What Is Direct Air Capture? Does It Work?

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Direct air capture (DAC) is a technology that draws carbon dioxide out of the atmosphere to produce safe, reliable and sustainable “green” fuel.

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In direct air capture, atmospheric air is sucked in and the carbon dioxide (CO2) gas is extracted by chemical processes. The stored CO2 may be utilized in the production of cement and polymers, or it can be buried for future use. Direct air capture is an attempted technical solution to lowering atmospheric CO2 levels. This would allow direct air capture to complement existing efforts to lessen the climate crisis’s potentially disastrous consequences.

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The International Energy Agency, a group that models energy use, reports that there are 15 direct air capture facilities in operation in the United States, Europe, and Canada. More than nine thousand metric tons of carbon dioxide are removed annually by these plants. The United States is also working on building a direct air capture facility that can pull one million tons of CO2 annually from the atmosphere.

To prevent CO2 levels in the atmosphere from exceeding 440 parts per million by volume and global temperatures from rising more than 2 degrees Celsius, the U.N.’s Intergovernmental Panel on Climate Change (IPCC) has warned that global CO2 emissions need to be reduced by 30% to 85% before the year 2050 (3.6 degrees Fahrenheit). Is it possible that these losses might be mitigated by using direct air capture?

International Panel on Climate Change (IPCC) scientists and economists believe that long-term actions are required to limit the quantity of human-made greenhouse gas emissions in order to prevent the course of climate change. As a standalone strategy, direct air capture has been criticized for not being effective enough to reduce hazardous CO2 levels in the atmosphere. Additionally, the cost per ton of CO2 gathered is higher than with other methods of dealing with the climate challenge.

What is the amount of CO2 in the atmosphere?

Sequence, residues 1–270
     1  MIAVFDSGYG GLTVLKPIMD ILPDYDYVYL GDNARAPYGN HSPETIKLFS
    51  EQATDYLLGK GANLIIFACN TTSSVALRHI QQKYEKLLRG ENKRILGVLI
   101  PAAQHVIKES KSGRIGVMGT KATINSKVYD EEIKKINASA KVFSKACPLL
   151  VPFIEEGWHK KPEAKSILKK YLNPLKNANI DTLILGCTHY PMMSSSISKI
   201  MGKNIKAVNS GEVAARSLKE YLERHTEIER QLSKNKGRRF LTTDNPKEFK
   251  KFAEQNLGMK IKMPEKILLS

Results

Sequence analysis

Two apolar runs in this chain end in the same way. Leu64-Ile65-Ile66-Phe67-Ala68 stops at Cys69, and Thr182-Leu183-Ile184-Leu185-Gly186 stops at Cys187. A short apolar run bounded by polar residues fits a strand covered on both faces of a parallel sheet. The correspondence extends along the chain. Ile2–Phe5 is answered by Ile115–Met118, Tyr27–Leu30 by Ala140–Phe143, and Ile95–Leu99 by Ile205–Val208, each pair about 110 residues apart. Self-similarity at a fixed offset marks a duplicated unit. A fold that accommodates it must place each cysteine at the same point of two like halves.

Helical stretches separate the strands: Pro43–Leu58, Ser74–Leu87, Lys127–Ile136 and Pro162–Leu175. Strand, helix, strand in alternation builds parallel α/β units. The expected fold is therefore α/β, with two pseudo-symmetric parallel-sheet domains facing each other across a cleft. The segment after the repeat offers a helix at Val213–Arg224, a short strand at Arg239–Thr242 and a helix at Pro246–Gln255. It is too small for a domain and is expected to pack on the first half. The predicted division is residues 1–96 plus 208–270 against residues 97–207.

• About 0.04% of the air we breathe is carbon dioxide. This increasing concentration is particularly worrisome because of its capacity to trap heat.
  • Since 1958, scientists from UC San Diego’s Scripps Institution of Oceanography have been monitoring atmospheric CO2 levels at the Mauna Loa observatory in Hawaii. Atmospheric carbon dioxide concentrations were below 320 ppm and growing at a rate of around 0.8 ppm per year. In the last decade, the pace of rise has quickened to a concerning 2.4 ppm each year.
  • CO2 levels reached a maximum of 417.1 parts per million in May 2020, the highest seasonal peak in 61 years of records, as reported by the Scripps Institution of Oceanography.

What Is the Process of Direct Air Capture?

There are two methods for direct air capture that are used to get rid of CO2 in the air. In the first method, a solid sorbent is used to absorb the carbon dioxide. A solid sorbent is a substance that is applied to the surface of another solid substance. Through a chemical process initiated by the passage of air over the solid sorbent, carbon dioxide (CO2) gas is bound to the basic sorbent. To remove the CO2 from the solid sorbent, it is either heated to between 80 and 120 degrees Celsius (176 and 248 degrees Fahrenheit) or placed under a vacuum. 7 Once the sorbent has cooled, it may be reused.

The alternative direct air capture approach is more involved since it requires the use of a liquid solvent. A liquid solution of potassium hydroxide (KOH) is first allowed to flow over a plastic surface in a big container. Huge fans draw air into the container, and when the CO2-laden air meets the liquid, a carbon-rich salt is produced.

At this point, the salt enters a second chamber where a chemical reaction takes place, resulting in a slurry of water and solid calcium carbonate (CaCO3) pellets (H2O). After combining calcium carbonate with water, the solution is filtered to separate the two components. At this point, the solid calcium carbonate pellets are heated to 900 degrees Celsius (1,652 degrees Fahrenheit) using natural gasalcium carbonate (CaCO3) pellets (H2O). After combining calcium carbonate with water, the solution is filtered to separate the two components. At this point, the solid calcium carbonate pellets are heated to 900 degrees Celsius (1,652 degrees Fahrenheit) using natural gas. The resulting CO2 gas is ultra-pure and may be easily collected and compressed.

In order to reuse the surplus resources, they are recycled back into the system. Captured carbon dioxide (CO2) may be used to make long-lasting goods like polymers and building materials, or it can be permanently pumped underground into rock formations to revitalize dormant oil wells.

Direct Air Capture vs. Carbon Capture and Storage

Direct air capture and carbon capture and storage (CCS) are two methods often cited as crucial to addressing the climate catastrophe. Both methods have the potential to decrease CO2 emissions into the air. When capturing carbon dioxide (CO2), CCS employs a chemical rather than a vacuum to collect the gas at the point of emission. Because of this, no carbon dioxide will ever be released into the air. The CO2 in the emissions of a coal-fired power plant’s stack, for instance, might be captured and compressed using CCS. Instead, CO2 might be captured after it has already been discharged into the air by a coal-fired power station or other fossil fuel-burning activities using a process called direct air capture.

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How Technologically Ready is Direct Air Capture

Carbon Capture to Fight Climate Change